Restoring the shine of your wooden cutting boards and butcher blocks is easy and inexpensive! There are many products on the market that you can use that come in fancy packaging, but it’s easy to DIY your own. Keeping cutting boards conditioned prolongs their life and keeps them hygienic, so it’s good to have something on hand for regular use. This article shares three very easy recipes for treating your butcher boards when they have dried out, need refinishing, or repair.

Will need:

Food grade mineral oil

Bee wax


Container – glass jars and old coffee cans work great

Flowerpot – to use as a bain-marie

Sanitized stirring rod – wooden ones work very well

Always Start with a spotlessly clean, super dry butcher board. Wash it with vinegar the night before and let it air dry while you sleep. The next morning, condition your board clean and dry using one of the following methods.

The first method it is not really a “recipe” at all. It is simply old food grade mineral oil. There are many different ideas about which oils go rancid and which oils are the best to use. In general, food grade mineral oil is considered the best oil to use on wood cutting surfaces. It’s odorless, colorless, inexpensive, and definitely won’t go rancid. You can easily find it at your local hardware store or pharmacy. To treat your butcher board with mineral oil, gently rub the hot oil over the wood and let it soak through. Heat your oil, not hot. If you’re like me and don’t have a “nuker,” just use a double boiler on the stove. Just be careful as the oil is obviously flammable. This is an excellent regular treatment to keep your board in shape.

The second recipe It’s for a creamy board oil or “Dream Cream” as I call it. This is a rich blend of mineral oil and beeswax. Adding beeswax to your oil increases its water resistance and adds a very slight shine to the finish. Paraffin can also be used. It is odorless and much less expensive; however, I personally prefer beeswax. This is a great treatment for a board that has become too dry or sanded to a new finish. The recipe calls for 9 parts food grade mineral oil to 1 part beeswax.

Measure out 1 part wax to 9 parts oil. There are wax beads available or you can shave chunks of wax from a block like I did.

Heat the oil and wax slowly until the oil is warm and the wax has melted. Be sure to stir and incorporate the wax as it melts.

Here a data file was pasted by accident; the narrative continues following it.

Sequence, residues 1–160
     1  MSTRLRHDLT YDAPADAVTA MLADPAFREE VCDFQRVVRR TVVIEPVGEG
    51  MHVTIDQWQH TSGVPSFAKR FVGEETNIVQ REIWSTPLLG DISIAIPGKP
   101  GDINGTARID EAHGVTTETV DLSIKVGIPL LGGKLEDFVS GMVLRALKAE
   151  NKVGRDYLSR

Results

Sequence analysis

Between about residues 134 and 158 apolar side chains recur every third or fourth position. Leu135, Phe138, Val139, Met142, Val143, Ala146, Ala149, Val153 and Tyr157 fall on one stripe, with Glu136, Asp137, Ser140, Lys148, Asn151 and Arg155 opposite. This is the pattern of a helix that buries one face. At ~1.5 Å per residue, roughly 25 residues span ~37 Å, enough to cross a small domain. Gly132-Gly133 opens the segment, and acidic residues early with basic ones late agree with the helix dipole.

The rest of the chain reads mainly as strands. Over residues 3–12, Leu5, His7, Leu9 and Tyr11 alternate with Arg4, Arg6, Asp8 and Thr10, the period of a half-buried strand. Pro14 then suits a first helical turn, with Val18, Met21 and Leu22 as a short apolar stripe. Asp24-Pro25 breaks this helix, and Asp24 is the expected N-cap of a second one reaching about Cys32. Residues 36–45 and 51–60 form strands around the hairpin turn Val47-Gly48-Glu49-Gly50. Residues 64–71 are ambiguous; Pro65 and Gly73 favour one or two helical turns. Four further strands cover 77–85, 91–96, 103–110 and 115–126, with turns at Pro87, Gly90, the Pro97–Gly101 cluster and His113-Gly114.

Pour some of the melted product onto your butcher board and rub it in making sure you get all the surfaces, especially cut edges. Let it soak in before using the board to prepare food. The consistency of this recipe is a bit like hair gel after it cools down a bit and gets firmer as it cools. It will melt onto the board like butter as you apply it. It can be used hot or cold; However, I think it works better and faster in hot weather.

The third recipe It is for a “board wax” style of pasta. This is a rich ultra-fat blend of oil and beeswax. It is thick and waxy and offers great resistance to water once the wax has hardened. It can be polished to a smooth shine and looks beautiful. Use this recipe as a polishing paste or crack filler. Keeping the occasional cracks and knife marks filled prolongs the life of your board.

This recipe contains 4-5 parts food grade mineral oil to 1 part beeswax. Heat the oil and add the wax as indicated above. Rub it on the board. Allow the oil to soak in and the wax to harden before polishing and preparing food on it. If used warm, this wax will spread a thinner layer. If used cold, it is quite thick and doughy and will give you a thicker coating.

Your wood should be treated regularly to prevent it from drying out and cracking! The frequency of treatment and the type of butcher block oil you need to use depends on many variables; such as the weather and how often the board is used and washed. You will have to be the judge. These “recipes” will not only beautifully condition your butcher board, but will increase its shelf life. They will also be kept indefinitely. Once you’ve prepared a batch, it will be easy to take off the shelf and use year-round.

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